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Do speakers change all that much after 100 hours of 'burn-in'?

ezra_s

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#1
I just found this video of "The audiophiliac" and Andrew Jones explaining scientifically what this "break-in" thing is. Seems it is still out of the oven (just published)

 
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Fluffy

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#2
He should have talked about elastic limits at the beginning instead of using confusing terms like creep, but at least he did at the end. What I don't understand is how come the compliance of the spider change if they don't go past it's elastic limit, as he claims? And if they do go past it's limit a little bit, then why not using a material with a better elastic limit that won't change its compliance under normal usage?

Other than that confusing bit, it's nice to see him pretty much debunk the whole burn-in myth. There are some other points I wish he would address more directly. First of all, when he says the response change around the resonant frequency, by how much it changes? Is it even by a noticeable amount? And what does he think that people are hearing when they claim they hear a speaker break in over hours or sometimes weeks of playing it? And while the break-in happens primarily in the woofer, does a tweeter break-in also in the same fashion?

Part 2 should be interesting, at any case.
 

Haint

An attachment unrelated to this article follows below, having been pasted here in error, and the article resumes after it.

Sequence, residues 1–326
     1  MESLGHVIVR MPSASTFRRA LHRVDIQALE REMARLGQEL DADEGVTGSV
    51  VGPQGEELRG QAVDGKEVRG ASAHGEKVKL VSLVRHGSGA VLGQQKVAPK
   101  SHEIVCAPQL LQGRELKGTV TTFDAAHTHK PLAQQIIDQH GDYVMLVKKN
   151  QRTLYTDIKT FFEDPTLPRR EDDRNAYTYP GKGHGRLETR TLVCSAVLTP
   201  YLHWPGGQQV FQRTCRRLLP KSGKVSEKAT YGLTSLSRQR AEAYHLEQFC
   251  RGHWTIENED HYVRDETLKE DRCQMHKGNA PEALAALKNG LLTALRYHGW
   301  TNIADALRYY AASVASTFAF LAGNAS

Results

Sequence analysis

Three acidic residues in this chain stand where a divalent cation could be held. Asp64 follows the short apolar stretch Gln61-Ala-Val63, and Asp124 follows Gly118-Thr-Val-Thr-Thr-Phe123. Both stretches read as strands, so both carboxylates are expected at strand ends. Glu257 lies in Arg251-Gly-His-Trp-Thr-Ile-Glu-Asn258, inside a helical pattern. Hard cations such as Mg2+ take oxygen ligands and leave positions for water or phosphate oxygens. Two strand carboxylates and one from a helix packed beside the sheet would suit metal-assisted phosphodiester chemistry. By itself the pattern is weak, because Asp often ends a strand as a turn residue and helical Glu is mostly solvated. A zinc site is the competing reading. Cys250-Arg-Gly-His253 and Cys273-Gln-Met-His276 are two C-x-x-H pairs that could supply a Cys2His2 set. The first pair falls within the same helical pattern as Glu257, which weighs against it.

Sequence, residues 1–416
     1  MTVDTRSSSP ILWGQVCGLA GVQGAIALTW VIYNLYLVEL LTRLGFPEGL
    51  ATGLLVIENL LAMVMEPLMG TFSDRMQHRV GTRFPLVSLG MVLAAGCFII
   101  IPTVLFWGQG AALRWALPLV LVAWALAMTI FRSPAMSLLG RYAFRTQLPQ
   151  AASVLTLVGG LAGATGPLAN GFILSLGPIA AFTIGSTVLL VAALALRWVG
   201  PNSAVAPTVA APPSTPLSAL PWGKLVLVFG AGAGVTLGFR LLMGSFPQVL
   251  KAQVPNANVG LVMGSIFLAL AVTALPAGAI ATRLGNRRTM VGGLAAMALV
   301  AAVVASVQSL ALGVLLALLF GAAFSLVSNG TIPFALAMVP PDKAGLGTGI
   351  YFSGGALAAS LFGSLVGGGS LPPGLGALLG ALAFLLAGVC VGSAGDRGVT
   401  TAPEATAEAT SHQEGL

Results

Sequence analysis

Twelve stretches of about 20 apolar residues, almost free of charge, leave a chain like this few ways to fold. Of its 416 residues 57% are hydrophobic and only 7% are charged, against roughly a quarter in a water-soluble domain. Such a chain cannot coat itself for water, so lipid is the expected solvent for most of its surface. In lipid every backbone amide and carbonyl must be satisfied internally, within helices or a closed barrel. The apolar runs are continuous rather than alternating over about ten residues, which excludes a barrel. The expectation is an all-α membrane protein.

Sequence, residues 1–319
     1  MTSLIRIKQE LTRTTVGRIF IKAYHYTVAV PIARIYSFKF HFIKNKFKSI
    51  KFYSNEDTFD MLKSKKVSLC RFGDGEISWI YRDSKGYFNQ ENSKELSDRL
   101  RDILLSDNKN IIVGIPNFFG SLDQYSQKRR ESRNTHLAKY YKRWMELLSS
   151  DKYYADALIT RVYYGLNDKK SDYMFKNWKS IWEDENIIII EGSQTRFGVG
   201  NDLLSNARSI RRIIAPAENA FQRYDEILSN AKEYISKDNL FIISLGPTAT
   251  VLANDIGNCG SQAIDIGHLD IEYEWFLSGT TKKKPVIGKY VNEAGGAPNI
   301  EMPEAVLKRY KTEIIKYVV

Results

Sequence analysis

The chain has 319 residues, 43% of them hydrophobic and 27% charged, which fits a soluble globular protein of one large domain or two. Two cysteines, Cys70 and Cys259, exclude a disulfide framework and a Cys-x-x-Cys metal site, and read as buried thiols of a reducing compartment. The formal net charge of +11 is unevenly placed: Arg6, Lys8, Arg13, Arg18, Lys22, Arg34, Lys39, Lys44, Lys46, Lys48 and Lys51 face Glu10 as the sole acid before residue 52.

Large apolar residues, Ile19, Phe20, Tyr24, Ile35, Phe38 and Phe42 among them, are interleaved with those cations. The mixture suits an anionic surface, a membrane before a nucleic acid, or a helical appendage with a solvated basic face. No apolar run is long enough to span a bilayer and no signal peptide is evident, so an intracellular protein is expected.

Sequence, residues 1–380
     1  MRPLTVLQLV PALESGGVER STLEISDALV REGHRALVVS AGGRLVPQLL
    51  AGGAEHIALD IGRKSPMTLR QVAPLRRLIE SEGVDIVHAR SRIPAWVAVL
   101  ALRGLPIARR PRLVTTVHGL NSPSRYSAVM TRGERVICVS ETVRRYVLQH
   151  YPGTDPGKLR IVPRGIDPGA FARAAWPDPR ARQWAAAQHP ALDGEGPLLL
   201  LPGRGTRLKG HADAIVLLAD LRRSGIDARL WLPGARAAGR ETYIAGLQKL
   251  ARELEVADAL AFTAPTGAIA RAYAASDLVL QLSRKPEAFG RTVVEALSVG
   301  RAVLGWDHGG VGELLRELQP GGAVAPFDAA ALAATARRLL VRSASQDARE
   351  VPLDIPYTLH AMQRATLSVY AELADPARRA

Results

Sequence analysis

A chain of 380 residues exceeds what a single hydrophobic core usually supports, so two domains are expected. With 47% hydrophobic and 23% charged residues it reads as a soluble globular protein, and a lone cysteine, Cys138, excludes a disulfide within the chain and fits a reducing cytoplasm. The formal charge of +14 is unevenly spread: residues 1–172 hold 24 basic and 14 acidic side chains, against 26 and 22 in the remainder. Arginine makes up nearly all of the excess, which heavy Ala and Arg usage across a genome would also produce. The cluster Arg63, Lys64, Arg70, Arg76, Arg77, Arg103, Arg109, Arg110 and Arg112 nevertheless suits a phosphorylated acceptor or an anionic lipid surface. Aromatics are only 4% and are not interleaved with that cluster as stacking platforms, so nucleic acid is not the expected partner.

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#3
He should have talked about elastic limits at the beginning instead of using confusing terms like creep, but at least he did at the end. What I don't understand is how come the compliance of the spider change if they don't go past it's elastic limit, as he claims? And if they do go past it's limit a little bit, then why not using a material with a better elastic limit that won't change its compliance under normal usage?

Other than that confusing bit, it's nice to see him pretty much debunk the whole burn-in myth. There are some other points I wish he would address more directly. First of all, when he says the response change around the resonant frequency, by how much it changes? Is it even by a noticeable amount? And what does he think that people are hearing when they claim they hear a speaker break in over hours or sometimes weeks of playing it? And while the break-in happens primarily in the woofer, does a tweeter break-in also in the same fashion?

Part 2 should be interesting, at any case.
As I understood it, he's saying some of the resin bonds break down under normal range/use, not just when pushed past it's elastic limit.
 

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